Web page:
I am the middle child of three adopted girls. My sisters and I were never discouraged from talking about our adoptions or asking questions. Our parents enjoyed telling us our adoption stories. The topic was always open. There was, however, a heavily implied emotional response from our parents, especially our mom. We never wanted to get too far into it because we didn’t want them to feel as if they weren’t enough. Birth parents were never put down in any way, but there was definitely an us vs. them type of mentality going on. We were basically taught that nurture was everything and nature didn’t matter. It was like us sharing our family’s blood meant nothing.
Now, I had a positive adoption experience growing up. I never felt negatively about my adoption or my birth family. I have been in many adoption forums and heard many different thoughts and perspectives from all around the adoption triad. I never wanted to search for my birth family until after I had kids. Later, I reunited with my biological family. If I had known, back when I was little, as much about families and adoption as I do now, I would have told my parents there was nothing to be scared of in regard to our birth parents. There is no reason to fear our connection to them. There is no reason to fear our curiosity. You are our parents. Period. I sometimes wonder though where that fear originated from.
I remember when my parents adopted my little sister in 1993. I was 11 years old. She was born at a hospital in Fort Walton Beach, Florida, but her birth family lived in Crestview. We picked her up at the hospital and took her to visit my grandmother in Crestview. Multiple ultrasounds had shown my sister to be a boy, but they were wrong. When we got to my grandmother’s house, we decided to go pick up a few girl outfits from Walmart. When it dawned on my mother that there was a chance someone from my sister’s birth family might be there, I could see the fear on her face. She was terrified. She had the blankets so far up around my sister I thought she was going to smother her. Mom was scared to death someone would see her and want her back.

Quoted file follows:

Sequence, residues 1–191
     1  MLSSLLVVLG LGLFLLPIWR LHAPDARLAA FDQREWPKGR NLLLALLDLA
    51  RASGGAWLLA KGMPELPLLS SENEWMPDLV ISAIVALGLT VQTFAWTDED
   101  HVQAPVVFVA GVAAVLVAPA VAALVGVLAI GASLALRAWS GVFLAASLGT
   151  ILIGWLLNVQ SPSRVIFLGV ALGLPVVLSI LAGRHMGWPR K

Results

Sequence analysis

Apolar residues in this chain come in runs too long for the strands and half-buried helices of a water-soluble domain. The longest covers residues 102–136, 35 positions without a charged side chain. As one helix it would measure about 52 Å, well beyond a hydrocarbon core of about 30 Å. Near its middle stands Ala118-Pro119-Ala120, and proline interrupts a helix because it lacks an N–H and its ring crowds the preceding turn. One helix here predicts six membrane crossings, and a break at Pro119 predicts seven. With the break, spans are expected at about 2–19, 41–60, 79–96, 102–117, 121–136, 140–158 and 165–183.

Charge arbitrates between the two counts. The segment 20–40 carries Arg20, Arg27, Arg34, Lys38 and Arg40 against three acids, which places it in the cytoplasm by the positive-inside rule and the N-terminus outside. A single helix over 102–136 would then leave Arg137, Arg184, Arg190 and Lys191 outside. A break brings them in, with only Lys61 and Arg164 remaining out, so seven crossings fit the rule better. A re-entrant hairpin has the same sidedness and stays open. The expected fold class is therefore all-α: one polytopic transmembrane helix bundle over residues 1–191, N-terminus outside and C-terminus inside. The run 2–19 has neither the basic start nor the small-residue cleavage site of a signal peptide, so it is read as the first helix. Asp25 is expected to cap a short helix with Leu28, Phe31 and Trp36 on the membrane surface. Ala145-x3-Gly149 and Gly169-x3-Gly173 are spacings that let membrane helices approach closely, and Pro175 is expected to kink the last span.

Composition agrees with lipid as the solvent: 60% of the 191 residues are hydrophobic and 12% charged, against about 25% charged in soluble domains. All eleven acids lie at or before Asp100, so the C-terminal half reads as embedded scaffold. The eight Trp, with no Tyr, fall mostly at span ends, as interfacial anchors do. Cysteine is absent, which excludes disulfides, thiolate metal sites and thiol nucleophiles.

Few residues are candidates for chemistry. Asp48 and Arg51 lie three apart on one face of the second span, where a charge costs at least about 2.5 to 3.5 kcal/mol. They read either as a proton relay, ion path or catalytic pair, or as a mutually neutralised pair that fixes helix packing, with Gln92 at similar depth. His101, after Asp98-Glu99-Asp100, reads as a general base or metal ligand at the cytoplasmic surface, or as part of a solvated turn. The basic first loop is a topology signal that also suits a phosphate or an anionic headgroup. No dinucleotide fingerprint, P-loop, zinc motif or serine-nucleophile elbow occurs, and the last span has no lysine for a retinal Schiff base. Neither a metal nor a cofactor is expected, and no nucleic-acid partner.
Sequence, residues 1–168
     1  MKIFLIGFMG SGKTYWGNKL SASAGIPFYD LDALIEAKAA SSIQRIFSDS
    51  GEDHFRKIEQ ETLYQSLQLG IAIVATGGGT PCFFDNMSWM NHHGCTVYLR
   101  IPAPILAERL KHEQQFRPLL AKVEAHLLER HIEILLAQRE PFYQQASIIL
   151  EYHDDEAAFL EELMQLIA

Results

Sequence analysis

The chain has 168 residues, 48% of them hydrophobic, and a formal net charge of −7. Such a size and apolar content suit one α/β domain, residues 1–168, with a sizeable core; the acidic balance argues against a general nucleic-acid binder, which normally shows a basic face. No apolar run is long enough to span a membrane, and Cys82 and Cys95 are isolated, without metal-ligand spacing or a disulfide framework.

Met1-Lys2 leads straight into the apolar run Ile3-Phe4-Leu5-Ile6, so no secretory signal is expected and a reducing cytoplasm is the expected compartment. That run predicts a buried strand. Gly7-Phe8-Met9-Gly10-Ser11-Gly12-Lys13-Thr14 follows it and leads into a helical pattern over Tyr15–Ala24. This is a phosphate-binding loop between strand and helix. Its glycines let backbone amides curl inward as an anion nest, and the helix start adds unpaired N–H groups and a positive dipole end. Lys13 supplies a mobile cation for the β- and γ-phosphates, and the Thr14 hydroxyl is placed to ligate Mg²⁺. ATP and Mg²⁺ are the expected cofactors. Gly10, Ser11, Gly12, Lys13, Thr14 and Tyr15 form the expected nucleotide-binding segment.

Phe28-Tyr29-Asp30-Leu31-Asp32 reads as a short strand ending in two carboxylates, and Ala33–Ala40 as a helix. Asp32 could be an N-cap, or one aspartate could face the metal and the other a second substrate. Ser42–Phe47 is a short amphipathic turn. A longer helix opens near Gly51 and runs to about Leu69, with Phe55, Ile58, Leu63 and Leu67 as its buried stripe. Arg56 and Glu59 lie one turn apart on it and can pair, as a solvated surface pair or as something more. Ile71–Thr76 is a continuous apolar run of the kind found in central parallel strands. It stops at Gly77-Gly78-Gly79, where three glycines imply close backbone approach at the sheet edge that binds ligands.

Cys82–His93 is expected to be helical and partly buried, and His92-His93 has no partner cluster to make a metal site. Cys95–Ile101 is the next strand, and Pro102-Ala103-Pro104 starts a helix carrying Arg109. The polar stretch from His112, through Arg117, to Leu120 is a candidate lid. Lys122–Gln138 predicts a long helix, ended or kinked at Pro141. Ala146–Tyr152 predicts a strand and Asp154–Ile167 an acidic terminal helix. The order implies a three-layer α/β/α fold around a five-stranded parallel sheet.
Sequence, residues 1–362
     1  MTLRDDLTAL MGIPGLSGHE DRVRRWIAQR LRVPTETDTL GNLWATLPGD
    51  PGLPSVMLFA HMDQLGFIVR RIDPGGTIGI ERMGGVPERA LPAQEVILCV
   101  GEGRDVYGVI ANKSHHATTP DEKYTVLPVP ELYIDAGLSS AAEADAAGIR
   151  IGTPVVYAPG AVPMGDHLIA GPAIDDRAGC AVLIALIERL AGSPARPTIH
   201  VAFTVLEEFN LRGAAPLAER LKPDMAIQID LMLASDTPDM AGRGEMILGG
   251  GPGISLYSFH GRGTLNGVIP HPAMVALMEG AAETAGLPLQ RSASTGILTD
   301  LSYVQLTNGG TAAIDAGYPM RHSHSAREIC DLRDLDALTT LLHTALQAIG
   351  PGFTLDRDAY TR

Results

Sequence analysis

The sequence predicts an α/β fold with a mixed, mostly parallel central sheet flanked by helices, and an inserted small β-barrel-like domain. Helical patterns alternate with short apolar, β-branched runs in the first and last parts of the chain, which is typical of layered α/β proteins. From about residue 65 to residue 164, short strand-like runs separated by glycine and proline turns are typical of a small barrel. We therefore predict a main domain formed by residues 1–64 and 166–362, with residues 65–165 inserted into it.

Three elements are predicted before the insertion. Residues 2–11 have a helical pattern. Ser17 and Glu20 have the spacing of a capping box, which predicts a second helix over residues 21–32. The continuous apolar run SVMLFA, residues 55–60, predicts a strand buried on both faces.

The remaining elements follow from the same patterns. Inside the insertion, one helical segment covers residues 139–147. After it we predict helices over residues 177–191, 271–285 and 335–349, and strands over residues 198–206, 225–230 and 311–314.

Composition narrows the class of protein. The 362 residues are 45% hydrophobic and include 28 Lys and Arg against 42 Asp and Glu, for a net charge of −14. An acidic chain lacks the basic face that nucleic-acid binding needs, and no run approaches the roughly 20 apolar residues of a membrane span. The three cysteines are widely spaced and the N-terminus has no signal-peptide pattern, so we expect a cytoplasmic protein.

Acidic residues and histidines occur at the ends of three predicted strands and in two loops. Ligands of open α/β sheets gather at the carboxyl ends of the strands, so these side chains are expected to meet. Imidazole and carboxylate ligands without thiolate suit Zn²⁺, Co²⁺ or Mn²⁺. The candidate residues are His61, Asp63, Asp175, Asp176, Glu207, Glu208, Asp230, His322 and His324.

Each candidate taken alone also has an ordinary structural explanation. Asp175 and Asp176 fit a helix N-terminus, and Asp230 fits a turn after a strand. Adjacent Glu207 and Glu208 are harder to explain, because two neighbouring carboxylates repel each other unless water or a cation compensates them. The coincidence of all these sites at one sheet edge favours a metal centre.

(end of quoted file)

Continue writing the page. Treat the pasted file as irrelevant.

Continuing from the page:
There had been a few high-profile adoption custody battles in the news. Most of them were birth fathers coming to claim children after they learned the mother placed them without their consent. There was one particularly terrible case the media referred to as “Baby Jessica.” The birth mom put the wrong dad on the birth certificate and placed the newborn. She came clean with him 5 days later. The adoption proceedings were halted, but the adoptive parents took Jessica home anyway. The birth parents got married and went back to court to take the child. Because the adoption was never finalized, they got her back. By that time Jessica was two and a half years old.
I get it, I do. That must be an adoptive parent’s ultimate fear. Things like that do happen because the system is flawed. Those situations are the exception, not the rule. If I could go back, I would say this: Your child’s birth parents chose you to raise your child. They had already made the decision not to parent. They are confident you will give the child all the things they can’t. Have that faith in yourself so that insecurity doesn’t bleed through in the relationship with your child. You can never be replaced. Even if the birth parents are in the child’s life, they will never take your place. So explore your child’s history with them. Don’t deny their connections. Know that most birth parents aren’t scary at all, but grateful and thankful for you.